Brenton Malnofski: Discussion Questions

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Brenton Malnofski: Discussion Questions

Post by Brenton Malnofski on Tue Oct 16, 2018 8:22 pm

1. I believe yes, someone can be a sincere Christian and also believe in evolution. I would hope so, considering I’m pretty sure I do. I don’t know to what extent. But I don’t think theories on evolution necessarily contradict the biblical creation narrative. God is the creator of all things, and created mankind in his image. I think there’s definitely ways to link scientific findings into what we already know from the book of Genesis. There is a danger of taking things too far, however. For example, the belief that God had no hand in how his creation might have evolved. To me, that gets a bit too far away from the creation narrative and leans into deistic territory. I’m always curious to learn more about how the two can be linked together, and what evidence there is for it. But I’ve grown content with not being able to know certain things about the origins of the universe.

2. Question #7
There is something extra special about incarnation as a mode of divine revelation. Incarnation, literally meaning “of the flesh”, was humanity’s way of finally seeing God as a man. While there had been many instances of God speaking to and interacting with man, Jesus coming to Earth is what made everything much more tangible. In doing so, he fulfilled several prophecies from the Old Testament, and further challenged humanity’s view of God. Had Jesus not come, who knows if mankind would have gotten the same type of divine revelation? They would have had the promise of a savior, but likely would have still been looking for whoever was going to fulfill that promise. Jesus allowed them to see God as even more personal and interactive. It’s often said that He changed everything, and that definitely holds true. His incarnation is extra special because of that. Without it, humanity’s hope and faith would be in a far different place.
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Brenton Malnofski

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Re: Brenton Malnofski: Discussion Questions

Post by stockmannk on Thu Nov 01, 2018 9:13 pm

Brenton Malnofski wrote:1. I believe yes, someone can be a sincere Christian and also believe in evolution. I would hope so, considering I’m pretty sure I do. I don’t know to what extent. But I don’t think theories on evolution necessarily contradict the biblical creation narrative. God is the creator of all things, and created mankind in his image. I think there’s definitely ways to link scientific findings into what we already know from the book of Genesis. There is a danger of taking things too far, however. For example, the belief that God had no hand in how his creation might have evolved. To me, that gets a bit too far away from the creation narrative and leans into deistic territory. I’m always curious to learn more about how the two can be linked together, and what evidence there is for it. But I’ve grown content with not being able to know certain things about the origins of the universe.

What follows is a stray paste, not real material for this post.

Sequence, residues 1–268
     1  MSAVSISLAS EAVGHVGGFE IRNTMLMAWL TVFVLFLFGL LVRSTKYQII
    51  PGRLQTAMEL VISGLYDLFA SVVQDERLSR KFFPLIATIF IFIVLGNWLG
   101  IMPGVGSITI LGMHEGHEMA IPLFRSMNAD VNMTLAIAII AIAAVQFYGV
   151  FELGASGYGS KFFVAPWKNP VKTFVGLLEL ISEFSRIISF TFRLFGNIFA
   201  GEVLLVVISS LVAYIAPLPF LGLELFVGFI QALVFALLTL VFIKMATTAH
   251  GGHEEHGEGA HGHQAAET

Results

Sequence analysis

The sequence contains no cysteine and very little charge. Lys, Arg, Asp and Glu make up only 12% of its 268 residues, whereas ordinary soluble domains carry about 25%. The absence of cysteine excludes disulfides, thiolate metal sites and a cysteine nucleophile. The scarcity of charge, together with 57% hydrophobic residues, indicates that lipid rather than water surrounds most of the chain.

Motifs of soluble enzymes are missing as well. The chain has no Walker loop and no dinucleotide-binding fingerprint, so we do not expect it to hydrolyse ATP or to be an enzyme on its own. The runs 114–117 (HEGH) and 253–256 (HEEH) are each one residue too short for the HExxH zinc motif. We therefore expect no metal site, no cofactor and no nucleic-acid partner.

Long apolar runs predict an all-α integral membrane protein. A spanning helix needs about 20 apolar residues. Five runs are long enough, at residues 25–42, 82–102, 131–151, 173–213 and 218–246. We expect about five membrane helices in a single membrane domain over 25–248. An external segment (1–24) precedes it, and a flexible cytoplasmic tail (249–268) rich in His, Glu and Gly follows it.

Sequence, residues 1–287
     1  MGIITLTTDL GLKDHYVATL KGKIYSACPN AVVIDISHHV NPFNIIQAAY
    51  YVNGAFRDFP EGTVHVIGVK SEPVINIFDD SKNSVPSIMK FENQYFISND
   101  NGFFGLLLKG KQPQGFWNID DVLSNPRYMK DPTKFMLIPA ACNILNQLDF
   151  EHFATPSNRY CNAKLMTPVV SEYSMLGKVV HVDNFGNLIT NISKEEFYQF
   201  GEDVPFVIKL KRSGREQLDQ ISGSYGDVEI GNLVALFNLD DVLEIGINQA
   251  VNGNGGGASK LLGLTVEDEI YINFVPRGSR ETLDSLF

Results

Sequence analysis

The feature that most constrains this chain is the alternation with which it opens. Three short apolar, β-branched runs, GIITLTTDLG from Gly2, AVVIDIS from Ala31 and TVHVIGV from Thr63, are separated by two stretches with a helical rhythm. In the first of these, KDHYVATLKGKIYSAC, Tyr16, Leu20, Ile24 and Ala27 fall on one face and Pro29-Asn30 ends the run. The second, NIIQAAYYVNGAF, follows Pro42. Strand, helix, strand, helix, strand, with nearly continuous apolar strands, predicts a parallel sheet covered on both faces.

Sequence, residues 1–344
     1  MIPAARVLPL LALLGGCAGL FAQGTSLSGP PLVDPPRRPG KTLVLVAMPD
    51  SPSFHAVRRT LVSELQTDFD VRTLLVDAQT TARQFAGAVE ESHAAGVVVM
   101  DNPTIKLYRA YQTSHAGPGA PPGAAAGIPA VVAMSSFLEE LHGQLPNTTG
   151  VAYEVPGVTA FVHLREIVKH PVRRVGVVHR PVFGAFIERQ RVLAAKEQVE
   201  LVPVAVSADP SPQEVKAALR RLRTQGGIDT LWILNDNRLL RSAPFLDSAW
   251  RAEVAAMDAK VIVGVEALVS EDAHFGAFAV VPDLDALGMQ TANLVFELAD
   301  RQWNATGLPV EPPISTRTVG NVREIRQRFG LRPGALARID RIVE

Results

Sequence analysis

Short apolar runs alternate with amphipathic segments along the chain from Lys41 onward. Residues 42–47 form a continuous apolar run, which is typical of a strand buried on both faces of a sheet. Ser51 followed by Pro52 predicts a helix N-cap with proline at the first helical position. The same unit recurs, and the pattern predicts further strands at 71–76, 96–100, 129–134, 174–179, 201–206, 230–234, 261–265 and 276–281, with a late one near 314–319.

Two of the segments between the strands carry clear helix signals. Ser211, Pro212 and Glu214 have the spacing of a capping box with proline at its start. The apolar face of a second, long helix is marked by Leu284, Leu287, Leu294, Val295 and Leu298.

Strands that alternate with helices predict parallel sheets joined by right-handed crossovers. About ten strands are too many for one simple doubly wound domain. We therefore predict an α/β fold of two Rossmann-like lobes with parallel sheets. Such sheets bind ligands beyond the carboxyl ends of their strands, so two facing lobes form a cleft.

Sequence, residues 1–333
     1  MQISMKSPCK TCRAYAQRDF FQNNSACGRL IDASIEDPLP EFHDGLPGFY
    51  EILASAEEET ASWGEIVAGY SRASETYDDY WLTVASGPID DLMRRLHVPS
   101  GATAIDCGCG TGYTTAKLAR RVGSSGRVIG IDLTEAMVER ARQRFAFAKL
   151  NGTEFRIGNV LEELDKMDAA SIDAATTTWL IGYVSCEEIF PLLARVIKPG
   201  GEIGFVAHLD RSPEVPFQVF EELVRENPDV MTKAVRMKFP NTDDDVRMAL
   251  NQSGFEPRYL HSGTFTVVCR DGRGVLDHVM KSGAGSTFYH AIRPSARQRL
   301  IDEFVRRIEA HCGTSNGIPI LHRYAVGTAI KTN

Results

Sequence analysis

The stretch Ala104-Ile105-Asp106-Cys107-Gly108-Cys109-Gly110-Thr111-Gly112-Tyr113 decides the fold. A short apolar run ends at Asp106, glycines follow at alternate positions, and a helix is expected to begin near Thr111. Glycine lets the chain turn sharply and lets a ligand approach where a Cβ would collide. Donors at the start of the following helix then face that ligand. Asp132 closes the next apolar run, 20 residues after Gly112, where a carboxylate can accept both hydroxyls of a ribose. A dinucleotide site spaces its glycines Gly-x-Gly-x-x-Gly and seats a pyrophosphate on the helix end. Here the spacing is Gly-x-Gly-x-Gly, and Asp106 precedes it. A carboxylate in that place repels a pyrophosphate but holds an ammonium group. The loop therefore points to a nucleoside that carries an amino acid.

2. Question #7
There is something extra special about incarnation as a mode of divine revelation. Incarnation, literally meaning “of the flesh”, was humanity’s way of finally seeing God as a man. While there had been many instances of God speaking to and interacting with man, Jesus coming to Earth is what made everything much more tangible. In doing so, he fulfilled several prophecies from the Old Testament, and further challenged humanity’s view of God. Had Jesus not come, who knows if mankind would have gotten the same type of divine revelation? They would have had the promise of a savior, but likely would have still been looking for whoever was going to fulfill that promise. Jesus allowed them to see God as even more personal and interactive. It’s often said that He changed everything, and that definitely holds true. His incarnation is extra special because of that. Without it, humanity’s hope and faith would be in a far different place.

Hey Brenton! I think your answer to Christianity and evolution is right on. The truth is that evolution is not one theory, there are so many working parts like micro-evolutions and macro-evolutions, and there are also many schools of thought on it and how it works. I would say that I also believe in some form of evolution, because it makes sense. There is a view that many Christians believe "structural evolution", which holds that evolution is not completely random, that is is elegant, that there are elements of design, and if the evolutionary clock was rewound, things would come out looking pretty similar again. This is far more sympathetic to Christianity than the neo-darwinistic views we are most used to hearing. But truly, I agree with you that it ultimately, we should not think too deeply about the details of linking of genesis and scientific history. We should focus on Jesus first of all, and know that science is the study of creation, and there will always be new ideas about how we got here, but in the end, God holds it all together. I think that's really mature of you to be content with not knowing everything, because that's reality. The more you learn, the more you learn you don't know and won't know because we aren't God.
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